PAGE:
Rambling of a newbee about Marlin

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RMHoward

Single-Sixer
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Nov 6, 2009
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Been reading up on the marlin owners forum about lever action rifles. Trying to decide on either a 1894 or 336 stainless as a natural partner to my NMB 357 stainless. Leaning towards the 336. It seems that Marlin lever actions have a similar following on that forum that the Blackhawks/Super Blackhawks/etc. have over here. Probably some of the same folks from both forums. Anyways, there is alot of talk and worry over there about the fact that Marlin (formerly a family owned company) has been purchased by Remington, which in turn is owned by some outfit names Cerebus (sp?). The worry is that quality will suffer and the rifle will be cheaponed. All understandable concerns. Started thinking how neat it would have been for Ruger to have purchased them instead of Remington. Seems to me that it would have been a natural fit, ie one stop shopping for your traditional six shooters and lever guns. Oh well. By the way, any marlin forum members over here too? Thanks.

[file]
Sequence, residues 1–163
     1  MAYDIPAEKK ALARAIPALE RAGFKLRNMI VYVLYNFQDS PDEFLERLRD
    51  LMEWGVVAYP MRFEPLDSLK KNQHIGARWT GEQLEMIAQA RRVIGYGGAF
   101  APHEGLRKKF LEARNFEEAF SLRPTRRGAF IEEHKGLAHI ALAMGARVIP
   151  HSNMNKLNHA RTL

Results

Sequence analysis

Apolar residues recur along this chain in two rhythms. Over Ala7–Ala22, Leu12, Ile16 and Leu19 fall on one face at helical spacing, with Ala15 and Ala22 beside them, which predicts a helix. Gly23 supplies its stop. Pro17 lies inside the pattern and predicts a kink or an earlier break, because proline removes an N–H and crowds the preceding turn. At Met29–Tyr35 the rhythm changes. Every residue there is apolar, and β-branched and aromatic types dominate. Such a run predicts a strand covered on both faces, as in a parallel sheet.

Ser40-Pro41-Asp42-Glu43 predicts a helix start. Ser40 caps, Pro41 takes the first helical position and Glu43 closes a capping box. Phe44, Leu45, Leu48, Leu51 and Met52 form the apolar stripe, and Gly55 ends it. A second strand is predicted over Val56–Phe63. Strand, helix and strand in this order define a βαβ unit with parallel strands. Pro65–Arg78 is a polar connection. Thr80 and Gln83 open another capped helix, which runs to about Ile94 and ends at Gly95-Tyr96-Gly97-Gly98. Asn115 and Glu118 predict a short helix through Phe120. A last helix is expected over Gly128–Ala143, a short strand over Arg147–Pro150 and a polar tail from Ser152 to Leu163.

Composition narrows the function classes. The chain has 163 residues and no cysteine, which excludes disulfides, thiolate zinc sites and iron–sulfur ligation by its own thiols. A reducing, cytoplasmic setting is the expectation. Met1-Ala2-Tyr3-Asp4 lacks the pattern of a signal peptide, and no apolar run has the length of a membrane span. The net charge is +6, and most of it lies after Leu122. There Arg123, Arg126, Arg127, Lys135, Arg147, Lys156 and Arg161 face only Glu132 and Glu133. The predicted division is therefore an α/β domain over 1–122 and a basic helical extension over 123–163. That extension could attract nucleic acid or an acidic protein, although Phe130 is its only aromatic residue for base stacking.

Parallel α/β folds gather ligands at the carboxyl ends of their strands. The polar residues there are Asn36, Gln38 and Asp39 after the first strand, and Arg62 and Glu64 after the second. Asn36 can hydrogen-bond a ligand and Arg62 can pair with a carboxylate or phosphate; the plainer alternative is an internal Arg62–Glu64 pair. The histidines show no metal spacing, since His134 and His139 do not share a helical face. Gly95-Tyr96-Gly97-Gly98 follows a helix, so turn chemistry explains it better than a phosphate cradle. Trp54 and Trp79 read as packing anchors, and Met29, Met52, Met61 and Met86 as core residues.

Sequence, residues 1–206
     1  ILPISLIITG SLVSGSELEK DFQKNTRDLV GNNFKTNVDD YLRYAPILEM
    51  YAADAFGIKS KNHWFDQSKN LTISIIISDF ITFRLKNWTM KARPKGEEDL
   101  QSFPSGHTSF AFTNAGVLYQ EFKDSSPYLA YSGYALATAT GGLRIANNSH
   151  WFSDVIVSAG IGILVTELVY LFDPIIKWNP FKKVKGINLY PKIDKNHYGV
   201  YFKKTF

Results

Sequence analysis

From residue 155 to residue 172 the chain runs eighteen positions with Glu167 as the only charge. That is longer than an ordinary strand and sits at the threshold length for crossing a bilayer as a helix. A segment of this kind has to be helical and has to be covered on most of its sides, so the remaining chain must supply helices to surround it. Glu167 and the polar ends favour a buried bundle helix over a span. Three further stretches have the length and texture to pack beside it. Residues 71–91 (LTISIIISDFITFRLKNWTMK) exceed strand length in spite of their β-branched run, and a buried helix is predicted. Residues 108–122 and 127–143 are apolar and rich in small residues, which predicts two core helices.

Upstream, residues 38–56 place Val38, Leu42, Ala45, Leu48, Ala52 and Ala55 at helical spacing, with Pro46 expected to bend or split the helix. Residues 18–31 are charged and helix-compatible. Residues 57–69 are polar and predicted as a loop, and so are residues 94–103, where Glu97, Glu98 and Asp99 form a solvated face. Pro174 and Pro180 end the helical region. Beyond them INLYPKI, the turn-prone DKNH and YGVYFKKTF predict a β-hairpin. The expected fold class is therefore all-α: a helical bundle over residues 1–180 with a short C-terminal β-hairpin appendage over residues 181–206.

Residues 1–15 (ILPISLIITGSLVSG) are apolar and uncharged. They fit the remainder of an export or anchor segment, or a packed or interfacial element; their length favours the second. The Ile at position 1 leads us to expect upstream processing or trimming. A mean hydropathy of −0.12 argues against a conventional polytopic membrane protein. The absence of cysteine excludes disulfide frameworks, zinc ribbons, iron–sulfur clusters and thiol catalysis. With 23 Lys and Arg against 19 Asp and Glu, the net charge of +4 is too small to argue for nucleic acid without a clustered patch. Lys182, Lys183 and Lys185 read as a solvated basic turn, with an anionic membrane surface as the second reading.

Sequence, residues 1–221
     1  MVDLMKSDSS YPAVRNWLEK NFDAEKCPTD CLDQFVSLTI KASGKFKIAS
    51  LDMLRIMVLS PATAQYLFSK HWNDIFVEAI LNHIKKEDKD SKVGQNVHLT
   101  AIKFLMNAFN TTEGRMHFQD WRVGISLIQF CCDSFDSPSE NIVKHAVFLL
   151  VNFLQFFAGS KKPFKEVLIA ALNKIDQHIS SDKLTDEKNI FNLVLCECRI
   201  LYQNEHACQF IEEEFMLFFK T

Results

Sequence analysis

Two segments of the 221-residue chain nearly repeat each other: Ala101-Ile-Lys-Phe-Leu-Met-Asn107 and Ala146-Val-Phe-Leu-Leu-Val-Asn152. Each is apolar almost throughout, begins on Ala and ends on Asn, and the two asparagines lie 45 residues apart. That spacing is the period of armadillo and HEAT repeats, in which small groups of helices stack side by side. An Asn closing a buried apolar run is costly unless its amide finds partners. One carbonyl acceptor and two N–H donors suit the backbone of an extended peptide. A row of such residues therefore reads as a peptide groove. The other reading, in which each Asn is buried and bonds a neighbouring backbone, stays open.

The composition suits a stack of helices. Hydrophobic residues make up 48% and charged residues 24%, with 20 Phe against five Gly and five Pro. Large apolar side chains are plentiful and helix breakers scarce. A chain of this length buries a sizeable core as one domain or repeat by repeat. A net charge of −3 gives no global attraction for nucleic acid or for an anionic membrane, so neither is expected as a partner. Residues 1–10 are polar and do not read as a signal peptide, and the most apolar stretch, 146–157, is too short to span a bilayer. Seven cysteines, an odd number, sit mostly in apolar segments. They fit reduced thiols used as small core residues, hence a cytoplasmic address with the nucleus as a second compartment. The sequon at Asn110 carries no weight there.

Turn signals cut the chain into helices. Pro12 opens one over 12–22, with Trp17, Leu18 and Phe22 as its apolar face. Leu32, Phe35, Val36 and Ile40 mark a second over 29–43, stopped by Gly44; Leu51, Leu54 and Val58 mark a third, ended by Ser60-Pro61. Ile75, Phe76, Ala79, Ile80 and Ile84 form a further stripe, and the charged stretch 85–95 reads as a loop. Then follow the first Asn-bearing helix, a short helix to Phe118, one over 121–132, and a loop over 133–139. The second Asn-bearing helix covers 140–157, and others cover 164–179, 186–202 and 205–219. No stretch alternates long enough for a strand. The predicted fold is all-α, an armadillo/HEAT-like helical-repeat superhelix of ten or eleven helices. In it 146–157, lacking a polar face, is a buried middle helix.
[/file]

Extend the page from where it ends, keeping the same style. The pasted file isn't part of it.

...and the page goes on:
Rick
 

BlkHawk73

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Have a few Ruger/Marlin matched chambering pairings and am a member, although seldom posting over on the Marlin forum.
 

Old Judge Creek

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Former Marlin Forum member here. It's a good forum IMO but repetitious after a while.

As for the rifles, I have a bunch of them - all but one lever guns. To me, Marlin and Ruger were the ONLY two companies that gave a rip about what the public really wanted and they listened carefully to their customer base.

All the rest did not, and the results don't take a rocket scientest to figure things out.

As for your 336 vs 94 action delima, the 94 is for pistol calibers and the 336 for longer rifle cartridges... or am I missing something?

IIRC: the 336 is the Marlin 1893 long action (i.e 38-55) that was revamped in 1936 and renamed the 336.

The 94 (1894) is the short pistol cartridge action.

My youngest son fell in love with my Marlin 94 Cowboy Limited in 357, and since like his Dad when I was he age, his primary sixgun is a Ruger 357 Black Hawk, I gave the Marlin to him. I can't tell you how much game he's taken with it.
 

RMHoward

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No Judge, your not missing anything. My choice revolves around how important it is /or is not to have a lever gun that uses the same ammo as my blackhawk. Im thinking it isnt really that important to me at this point. Would rather have the longer range of the 336, at this point. Could hopefully acquire the 1894 at a later date. Thanks